The Problem


“Trash”
/traSH/
noun
1. NORTH AMERICAN
discarded matter; refuse.
synonyms: garbage, refuse, waste, litter, junk, debris, detritus, rubbish

In the majority of the world, including North America, we do one of two things with our common Trash : Burn it with incineration or bury it at landfill. Neither one of the them is beneficial for us or for nature. Consuming trash in incinerators discharges hazardous gasses and particulate which add to a dangerous atmospheric deviation. It contaminates lakes, woods, seas and urban areas including a large portion far from where they located. Most incinerators in industrialized nations now evacuate expansive amounts of particles and toxins, along these lines guaranteeing cleaner air however still causing pollution. In any case, the greater part of what we expel winds up in a landfill.

A significantly higher extent of rubbish in North America is sent to landfills than to incinerators.

Covering trash additionally causes both air and water contamination, and essentially transporting it to the destinations devours an expanding measure of important petroleum products, which creates more contamination and different issues.

Covered in a landfill, Trash and the ordinary plastic junk sacks take up to 1,000 years to debase, emitting poisons as it does.

Lets review both of these methods and how they stack up.


Landfills

Landfills fill America. Currently their is Approx. 3,000 Active landfills and over 10,000 Inactive in the USA alone according to the Environmental Protection Agency found here. Landfills are highly unsustainable, requiring new landfills as they reach capacities and have been scientifically proven to be environmentally negative with no clear way out until now.

Key Points

  • Only about 1/10th of all solid garbage in the U.S. gets recycled leaving a large portion left for landfill.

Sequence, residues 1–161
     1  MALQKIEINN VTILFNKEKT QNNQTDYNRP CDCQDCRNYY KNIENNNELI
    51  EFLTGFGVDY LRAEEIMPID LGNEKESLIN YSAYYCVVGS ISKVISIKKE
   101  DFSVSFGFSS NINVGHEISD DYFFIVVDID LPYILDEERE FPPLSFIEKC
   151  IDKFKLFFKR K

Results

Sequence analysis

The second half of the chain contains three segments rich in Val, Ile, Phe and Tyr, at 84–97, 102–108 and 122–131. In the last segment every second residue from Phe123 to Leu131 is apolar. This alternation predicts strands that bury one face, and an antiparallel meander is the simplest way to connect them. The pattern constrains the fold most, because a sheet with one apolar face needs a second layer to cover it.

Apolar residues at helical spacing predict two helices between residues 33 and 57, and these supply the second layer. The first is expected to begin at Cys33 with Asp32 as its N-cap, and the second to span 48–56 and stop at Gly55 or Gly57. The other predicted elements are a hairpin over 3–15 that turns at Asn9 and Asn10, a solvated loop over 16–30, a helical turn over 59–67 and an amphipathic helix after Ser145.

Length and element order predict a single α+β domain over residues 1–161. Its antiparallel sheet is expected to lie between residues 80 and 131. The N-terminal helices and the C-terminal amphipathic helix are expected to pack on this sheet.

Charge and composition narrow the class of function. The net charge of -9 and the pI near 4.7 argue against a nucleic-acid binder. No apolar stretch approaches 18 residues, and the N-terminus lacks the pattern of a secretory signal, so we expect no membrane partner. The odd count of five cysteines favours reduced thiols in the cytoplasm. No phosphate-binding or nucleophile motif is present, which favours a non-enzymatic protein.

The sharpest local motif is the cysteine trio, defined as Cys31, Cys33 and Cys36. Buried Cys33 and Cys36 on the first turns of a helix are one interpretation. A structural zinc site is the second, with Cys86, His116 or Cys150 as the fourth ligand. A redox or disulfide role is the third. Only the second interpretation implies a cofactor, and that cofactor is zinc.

• Since 1960, America has tripled the amount of waste we generate and according to the world bank by 2100 global waste will triple.
  • In March, 2000 it was reported that 82% of surveyed landfill cells had leaks.
  • 18% of the USA’s Methane comes from landfills which is 25 times worse for the atmosphere than Co2.
  • Landfills continue to emit air pollution for many years after the lastwaste is deposited.

Incineration

Incineration is where you essentially burn the trash. Only 11.7% of U.S. trash in the U.S. is incinerated. The rest is recycled, composted or landfilled.
Incineration is a dirty word, and industry knows it, so they use other terms to make it sound good, like resource recovery, trash to-steam, waste-to-energy and energy from waste. All of these terms are untruthful and misleading.

Key Points

  • U.S. Energy Information Administration in 2010 and 2013 show that trash incinerators are, by far, the most expensive way to make energy. Even though trash incinerators get paid to take their fuel, they’re the most expensive to build and most expensive to operate and maintain– even worse than nuclear and biomass.
  • Emissions from incinerators can include heavy metals, dioxins and furans which are known to be harmful.
  • It still creates ashe waste products that are unusable and create pollution.

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TRASH in general

Now that we have covered some f the ways trash is managed lets talk about Trash… USA produces alot of it… Based on 2014 data; about 254,000,000 tons per year. This in turn creates
.

Highlights

  • 4.4 pounds: The amount of trash generated daily, on average, by every American.
  • The amount of waste generated has tripled since 1960.
  • Trash or the MSW rates are increasing annually as population growth rates increase.
WE HAVE A HUGE TRASH PROBLEM and We cannot keep incinerating it or landfiling it

Conclusion

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In the United States the ways of handling our trash costs the ratepayers of the state and the cities around $50 to $75 per ton to proccess and still in most cases whether its landfill or incineration leaves great risks and costs; environmentally, economically, as well as human health risk which if we continue to do will only cost us and the planet.

For us to continue in this country with we have to look at trash in a different way, that gets to the root of the problem and finally solves it once and for all.

We at Trash Zero have done just that.